The etiologies of a short nose include iatrogenic factors, trauma, Wegener’s granulomatosis and congenital deformities.
When discussing the short nose, it is crucial to be clear whether the deficiency is in the anterior length, the posterior length, or both.
A patient with short nose and retracted alae with rigid, fixed soft tissues of the nose poses a significant challenge in correction of the deformity.
Minimal anterior length deficiency can be corrected with a shield graft.
A significant nasal length deficit will require elongation of the dorsal frame using a tongue-and-groove technique.
The two key components of the tongue-and-groove technique for nasal elongation include bilateral extended columella struts that protrude beyond the anterocaudal septum proportional to the elongation necessary and a columella strut that accommodates both the spreader grafts as well as medial crura creating continuity.
To be able to advance the alae effectively, it is crucial to dissect the lower lateral cartilages from the upper lateral cartilages and, if necessary, mobilize them completely and transpose them in a separate pocket caudally.
If the intentions are to elongate the nose and gain more projection during the tongue-and-groove technique, 5–0 clear nylon is utilized to suture the spreader grafts to the columella strut in a more anterior relationship. Otherwise, these two structures are not fixed to each other to minimize nose rigidity.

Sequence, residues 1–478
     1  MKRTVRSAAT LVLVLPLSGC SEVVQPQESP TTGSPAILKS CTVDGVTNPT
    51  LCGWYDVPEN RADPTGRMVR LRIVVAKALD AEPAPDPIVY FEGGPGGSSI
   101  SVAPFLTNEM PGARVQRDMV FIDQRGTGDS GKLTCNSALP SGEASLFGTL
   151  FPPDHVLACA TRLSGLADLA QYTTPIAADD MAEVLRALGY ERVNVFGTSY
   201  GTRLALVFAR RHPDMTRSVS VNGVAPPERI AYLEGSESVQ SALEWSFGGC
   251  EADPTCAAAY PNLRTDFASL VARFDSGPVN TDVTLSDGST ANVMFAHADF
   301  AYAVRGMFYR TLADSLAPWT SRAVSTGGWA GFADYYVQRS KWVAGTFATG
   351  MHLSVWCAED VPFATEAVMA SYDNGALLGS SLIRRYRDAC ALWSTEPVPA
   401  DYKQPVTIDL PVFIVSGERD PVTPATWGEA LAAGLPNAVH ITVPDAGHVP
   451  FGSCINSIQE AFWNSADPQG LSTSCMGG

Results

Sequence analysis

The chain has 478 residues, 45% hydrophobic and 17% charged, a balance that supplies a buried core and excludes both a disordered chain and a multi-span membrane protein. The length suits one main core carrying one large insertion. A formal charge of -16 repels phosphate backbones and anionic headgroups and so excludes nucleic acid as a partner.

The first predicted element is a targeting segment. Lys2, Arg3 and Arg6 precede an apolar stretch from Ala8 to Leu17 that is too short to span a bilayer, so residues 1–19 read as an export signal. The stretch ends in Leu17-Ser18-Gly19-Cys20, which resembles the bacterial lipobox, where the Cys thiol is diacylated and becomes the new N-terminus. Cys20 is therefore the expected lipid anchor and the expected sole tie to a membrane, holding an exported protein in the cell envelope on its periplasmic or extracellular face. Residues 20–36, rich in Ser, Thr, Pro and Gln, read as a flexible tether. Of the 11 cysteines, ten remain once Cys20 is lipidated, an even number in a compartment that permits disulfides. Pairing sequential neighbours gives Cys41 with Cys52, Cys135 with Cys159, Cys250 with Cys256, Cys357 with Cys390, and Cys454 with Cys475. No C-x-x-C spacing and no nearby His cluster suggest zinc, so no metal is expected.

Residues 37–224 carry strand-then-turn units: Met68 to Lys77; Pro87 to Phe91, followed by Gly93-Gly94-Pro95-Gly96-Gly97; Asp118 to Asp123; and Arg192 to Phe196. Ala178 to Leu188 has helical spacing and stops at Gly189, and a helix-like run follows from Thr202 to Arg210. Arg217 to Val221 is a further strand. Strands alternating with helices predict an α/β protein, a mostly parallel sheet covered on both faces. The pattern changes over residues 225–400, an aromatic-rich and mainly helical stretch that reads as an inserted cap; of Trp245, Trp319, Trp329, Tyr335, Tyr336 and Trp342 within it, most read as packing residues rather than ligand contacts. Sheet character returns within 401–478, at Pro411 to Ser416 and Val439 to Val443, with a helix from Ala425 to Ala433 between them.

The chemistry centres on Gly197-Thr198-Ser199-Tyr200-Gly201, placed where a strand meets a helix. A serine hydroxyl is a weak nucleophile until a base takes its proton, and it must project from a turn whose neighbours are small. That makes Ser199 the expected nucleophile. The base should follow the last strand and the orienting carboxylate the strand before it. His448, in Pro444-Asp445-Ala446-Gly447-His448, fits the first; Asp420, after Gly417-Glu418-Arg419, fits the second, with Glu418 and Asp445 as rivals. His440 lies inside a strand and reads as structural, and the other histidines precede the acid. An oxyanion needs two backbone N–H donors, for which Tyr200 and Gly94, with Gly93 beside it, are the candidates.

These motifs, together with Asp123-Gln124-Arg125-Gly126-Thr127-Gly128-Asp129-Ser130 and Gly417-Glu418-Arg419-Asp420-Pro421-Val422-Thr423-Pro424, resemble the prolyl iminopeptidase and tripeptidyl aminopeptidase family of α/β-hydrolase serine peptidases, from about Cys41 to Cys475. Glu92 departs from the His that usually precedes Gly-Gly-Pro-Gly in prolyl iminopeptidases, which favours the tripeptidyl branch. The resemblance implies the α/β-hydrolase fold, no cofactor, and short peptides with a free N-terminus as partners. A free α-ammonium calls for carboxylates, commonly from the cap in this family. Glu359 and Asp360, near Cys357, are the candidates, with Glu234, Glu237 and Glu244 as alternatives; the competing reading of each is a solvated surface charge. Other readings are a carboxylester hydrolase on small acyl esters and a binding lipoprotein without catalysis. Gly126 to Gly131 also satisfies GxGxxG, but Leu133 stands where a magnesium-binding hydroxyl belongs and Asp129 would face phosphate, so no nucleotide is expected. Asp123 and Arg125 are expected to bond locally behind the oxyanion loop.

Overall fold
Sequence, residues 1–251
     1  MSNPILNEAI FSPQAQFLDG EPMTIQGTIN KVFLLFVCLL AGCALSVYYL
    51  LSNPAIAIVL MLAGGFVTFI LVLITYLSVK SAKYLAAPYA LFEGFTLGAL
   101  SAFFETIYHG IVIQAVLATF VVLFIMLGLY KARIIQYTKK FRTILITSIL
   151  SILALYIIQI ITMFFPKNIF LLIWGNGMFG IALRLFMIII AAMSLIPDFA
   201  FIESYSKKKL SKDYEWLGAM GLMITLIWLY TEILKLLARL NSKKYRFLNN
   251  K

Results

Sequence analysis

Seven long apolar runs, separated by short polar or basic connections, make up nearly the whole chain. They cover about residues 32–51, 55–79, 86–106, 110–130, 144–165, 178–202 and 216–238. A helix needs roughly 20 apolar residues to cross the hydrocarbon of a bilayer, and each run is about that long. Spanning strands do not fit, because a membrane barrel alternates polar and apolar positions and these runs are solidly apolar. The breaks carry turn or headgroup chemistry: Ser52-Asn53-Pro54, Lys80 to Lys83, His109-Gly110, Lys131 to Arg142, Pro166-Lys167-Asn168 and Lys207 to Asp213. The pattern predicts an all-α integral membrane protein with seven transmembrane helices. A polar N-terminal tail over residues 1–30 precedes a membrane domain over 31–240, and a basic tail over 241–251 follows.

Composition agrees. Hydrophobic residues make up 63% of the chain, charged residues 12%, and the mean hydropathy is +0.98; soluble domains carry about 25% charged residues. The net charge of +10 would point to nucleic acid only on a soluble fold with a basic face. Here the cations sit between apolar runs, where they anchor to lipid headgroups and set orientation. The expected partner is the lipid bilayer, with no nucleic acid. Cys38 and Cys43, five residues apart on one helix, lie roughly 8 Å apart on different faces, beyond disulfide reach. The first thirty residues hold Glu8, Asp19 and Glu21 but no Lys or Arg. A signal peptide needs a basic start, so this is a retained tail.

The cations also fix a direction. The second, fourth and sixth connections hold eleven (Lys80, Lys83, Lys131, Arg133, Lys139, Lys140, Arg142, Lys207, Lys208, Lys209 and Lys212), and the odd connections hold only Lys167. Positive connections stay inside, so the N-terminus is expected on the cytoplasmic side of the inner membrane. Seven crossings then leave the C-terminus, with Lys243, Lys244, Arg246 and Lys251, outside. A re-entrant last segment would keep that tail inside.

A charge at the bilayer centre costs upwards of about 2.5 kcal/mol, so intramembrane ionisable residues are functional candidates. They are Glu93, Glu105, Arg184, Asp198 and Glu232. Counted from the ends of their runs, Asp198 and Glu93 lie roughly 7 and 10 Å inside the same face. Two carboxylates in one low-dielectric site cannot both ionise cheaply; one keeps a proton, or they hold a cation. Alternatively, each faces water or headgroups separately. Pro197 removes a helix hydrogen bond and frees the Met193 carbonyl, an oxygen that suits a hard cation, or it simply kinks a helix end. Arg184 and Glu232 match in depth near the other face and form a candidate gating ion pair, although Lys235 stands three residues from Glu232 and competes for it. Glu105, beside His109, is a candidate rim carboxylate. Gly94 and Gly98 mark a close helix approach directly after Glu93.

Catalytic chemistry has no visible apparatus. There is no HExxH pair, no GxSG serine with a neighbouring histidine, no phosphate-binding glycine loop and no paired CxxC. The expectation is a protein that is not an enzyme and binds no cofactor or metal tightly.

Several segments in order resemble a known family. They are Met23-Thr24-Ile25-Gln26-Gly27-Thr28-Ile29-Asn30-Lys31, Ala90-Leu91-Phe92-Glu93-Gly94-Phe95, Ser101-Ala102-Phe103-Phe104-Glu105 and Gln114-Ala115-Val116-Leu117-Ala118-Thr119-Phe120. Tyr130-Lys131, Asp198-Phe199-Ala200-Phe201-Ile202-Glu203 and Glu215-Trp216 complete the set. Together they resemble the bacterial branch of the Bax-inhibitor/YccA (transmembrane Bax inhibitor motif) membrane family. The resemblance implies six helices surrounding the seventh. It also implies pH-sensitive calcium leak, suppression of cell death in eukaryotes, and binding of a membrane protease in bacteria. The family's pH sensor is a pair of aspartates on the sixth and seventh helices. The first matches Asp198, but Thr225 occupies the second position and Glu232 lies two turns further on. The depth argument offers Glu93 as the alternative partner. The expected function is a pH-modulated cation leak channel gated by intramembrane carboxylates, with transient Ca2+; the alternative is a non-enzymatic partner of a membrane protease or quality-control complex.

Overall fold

In case of inability to achieve enough length due to soft tissue limitations laterally, the compromise should be in the length of the nose rather than trying to protrude the columella, in which case, the alae will not be able to follow the central portion of the nose.
One of the features that makes rhinoplasty more complex is a length deficiency, especially if this is significant. In this chapter, we will discuss the etiology and management of the short nose, surgical techniques of nose elongation, and their variations.
Etiology and Pathology
Cephalic over-rotation of the nose is a hallmark of rhinoplasties performed from the 1960s to the mid-1980s. During this period in particular, iatrogenic short noses were commonly seen. Today, trauma is one of the common causes of a short nose. Although rare, there are patients who have had ablative surgery, have lost the septum to cocaine abuse or Wegener’s granulomatosis, or were born with a short nose.
When discussing the short nose, it is crucial to be clear whether the reference is to the anterior length, the posterior length, or both. In other words, the nose can merely be over-rotated, or the entire nose can be short. These two types of short nose will require somewhat different management. The over-rotated nose is usually the consequence of surgical removal of a segment of the anterocaudal septum, collapse of the septum as a result of a caudal blow to the nose, or destruction of the septum by cocaine abuse. Generally, the nasal spine and the base of the columella are in the proper position and only anterior elongation is desired. Most congenitally short noses have deficiency evenly distributed through the caudal septum and the nasal spine is deficient or completely missing, as in a patient with Binder’s syndrome.